Lawyer: Convicted dentist not a threat

He says a recent court opinion goes against the denial of the rejected parole bid.

December 30, 2010|By Joseph Serna,

The attorney for a Costa Mesa dentist convicted of killing three people in his dentist chair more than 20 years ago expressed confidence Thursday that he can win his client's freedom even after the governor rejected a parole bid earlier this month.

Attorney Rich Pfeiffer said that Gov. Arnold Schwarzenegger's decision to keep Tony Protopappas, 65, in Folsom State Prison flies in the face of a recent Court of Appeal opinion.

In a petition that Pfeiffer plans to file next week with the Santa Ana appellate court, he will remind the court that a three-judge panel there determined in March that Protopappas doesn't pose a public threat.


"It is apparent the governor refuses to honor the opinion of this honorable court which discussed how Mr. Protopappas will never be a licensed dentist and therefore could not break the law in a similar fashion," Pfeiffer wrote.

Protopappas was convicted of three counts of second-degree murder 26 years ago for killing three people in his dentist's chair during the early 1980s. In each case he gave lethal doses of a general anesthetic, and ignored numerous warning signs that their lives were in jeopardy. He was sentenced to 15-years-to-life and has been in prison ever since.

After initially refusing parole for Protopappas in 2008, the state parole board granted him parole in July at the Court of Appeal's behest.

Schwarzenegger appears to have used the same reasoning to keep Protopappas behind bars that state prosecutors used before the parole board and Court of Appeal issued their opinions in favor of parole for the ex-dentist. Prosecutors' argument essentially is this: Protopappas hasn't accepted full responsibility for his crimes, or fully understood their consequences, and, therefore, continues to be a danger to society.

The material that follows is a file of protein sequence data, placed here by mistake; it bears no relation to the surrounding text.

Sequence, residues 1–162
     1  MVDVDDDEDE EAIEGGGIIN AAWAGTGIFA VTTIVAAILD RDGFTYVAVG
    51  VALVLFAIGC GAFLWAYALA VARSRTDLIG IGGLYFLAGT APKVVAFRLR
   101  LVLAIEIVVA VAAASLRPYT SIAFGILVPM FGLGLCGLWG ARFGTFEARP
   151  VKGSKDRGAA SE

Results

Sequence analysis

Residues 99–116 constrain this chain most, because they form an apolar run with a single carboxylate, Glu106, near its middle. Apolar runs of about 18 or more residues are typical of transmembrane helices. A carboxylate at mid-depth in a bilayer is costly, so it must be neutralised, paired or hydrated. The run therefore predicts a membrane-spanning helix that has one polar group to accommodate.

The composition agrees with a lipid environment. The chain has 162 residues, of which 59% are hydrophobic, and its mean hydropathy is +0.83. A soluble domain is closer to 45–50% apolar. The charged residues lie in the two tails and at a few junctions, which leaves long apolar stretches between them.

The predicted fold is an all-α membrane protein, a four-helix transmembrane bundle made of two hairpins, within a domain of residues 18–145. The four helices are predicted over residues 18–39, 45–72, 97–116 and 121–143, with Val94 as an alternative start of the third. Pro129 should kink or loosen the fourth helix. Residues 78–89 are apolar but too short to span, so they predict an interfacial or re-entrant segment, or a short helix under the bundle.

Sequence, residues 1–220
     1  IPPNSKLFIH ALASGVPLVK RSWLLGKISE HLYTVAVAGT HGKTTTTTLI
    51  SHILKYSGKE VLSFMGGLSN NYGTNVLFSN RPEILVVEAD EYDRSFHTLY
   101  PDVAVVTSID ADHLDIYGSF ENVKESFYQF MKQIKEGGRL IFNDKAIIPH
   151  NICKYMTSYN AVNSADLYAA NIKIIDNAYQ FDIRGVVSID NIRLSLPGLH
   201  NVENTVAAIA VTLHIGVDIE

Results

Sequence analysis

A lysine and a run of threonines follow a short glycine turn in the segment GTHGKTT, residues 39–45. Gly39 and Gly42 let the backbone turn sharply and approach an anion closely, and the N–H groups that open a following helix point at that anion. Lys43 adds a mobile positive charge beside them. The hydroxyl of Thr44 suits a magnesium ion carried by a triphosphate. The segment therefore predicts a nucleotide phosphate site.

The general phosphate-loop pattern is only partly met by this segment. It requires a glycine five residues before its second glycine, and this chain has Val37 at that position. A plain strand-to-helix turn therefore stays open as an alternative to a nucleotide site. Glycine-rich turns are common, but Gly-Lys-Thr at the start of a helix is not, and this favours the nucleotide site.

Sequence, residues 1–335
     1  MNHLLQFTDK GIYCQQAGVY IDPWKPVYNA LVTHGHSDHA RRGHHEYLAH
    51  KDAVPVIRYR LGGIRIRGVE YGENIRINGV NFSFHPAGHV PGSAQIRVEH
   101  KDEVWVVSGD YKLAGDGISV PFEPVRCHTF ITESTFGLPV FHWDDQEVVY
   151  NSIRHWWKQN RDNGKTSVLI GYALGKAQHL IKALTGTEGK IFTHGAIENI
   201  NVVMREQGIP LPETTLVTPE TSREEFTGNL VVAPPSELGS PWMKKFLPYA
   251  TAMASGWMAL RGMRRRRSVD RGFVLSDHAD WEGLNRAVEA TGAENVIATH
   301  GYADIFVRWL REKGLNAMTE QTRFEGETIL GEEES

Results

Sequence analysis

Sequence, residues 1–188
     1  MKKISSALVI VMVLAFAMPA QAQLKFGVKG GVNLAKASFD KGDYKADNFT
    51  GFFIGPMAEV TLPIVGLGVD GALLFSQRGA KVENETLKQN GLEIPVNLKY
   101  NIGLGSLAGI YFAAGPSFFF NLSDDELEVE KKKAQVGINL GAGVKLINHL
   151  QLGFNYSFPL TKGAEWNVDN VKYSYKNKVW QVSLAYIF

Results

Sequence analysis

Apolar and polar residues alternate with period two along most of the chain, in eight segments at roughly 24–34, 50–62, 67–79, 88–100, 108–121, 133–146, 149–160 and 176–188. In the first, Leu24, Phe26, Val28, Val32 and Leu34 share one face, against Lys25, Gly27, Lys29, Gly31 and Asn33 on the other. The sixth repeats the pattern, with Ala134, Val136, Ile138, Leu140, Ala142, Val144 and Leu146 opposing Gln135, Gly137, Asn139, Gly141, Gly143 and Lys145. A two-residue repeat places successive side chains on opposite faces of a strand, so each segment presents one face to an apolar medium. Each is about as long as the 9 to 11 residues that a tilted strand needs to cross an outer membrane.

"Protopappas' lack of insight renders the life offenses still relevant to my determination that he continues to pose a current, unreasonable risk to public safety," the governor wrote in a letter rejecting the parole bid.

How much water that argument will hold with the judges is unclear. The panel rejected that line of reasoning before.

"But the Attorney General does not explain how [Protopappas'] lack of insight renders him a current threat to public safety," the panel wrote in its March 2010 opinion.

Pfeiffer added that Protopappas received a recent psychological evaluation, which reiterated his accepting responsibility for the murders and revealed his insight into the crimes.

Prison evaluations showed that Protopappas has an extremely low chance of being a repeat criminal, and records show that he hasn't been disciplined in prison since 1987, Pfeiffer said.

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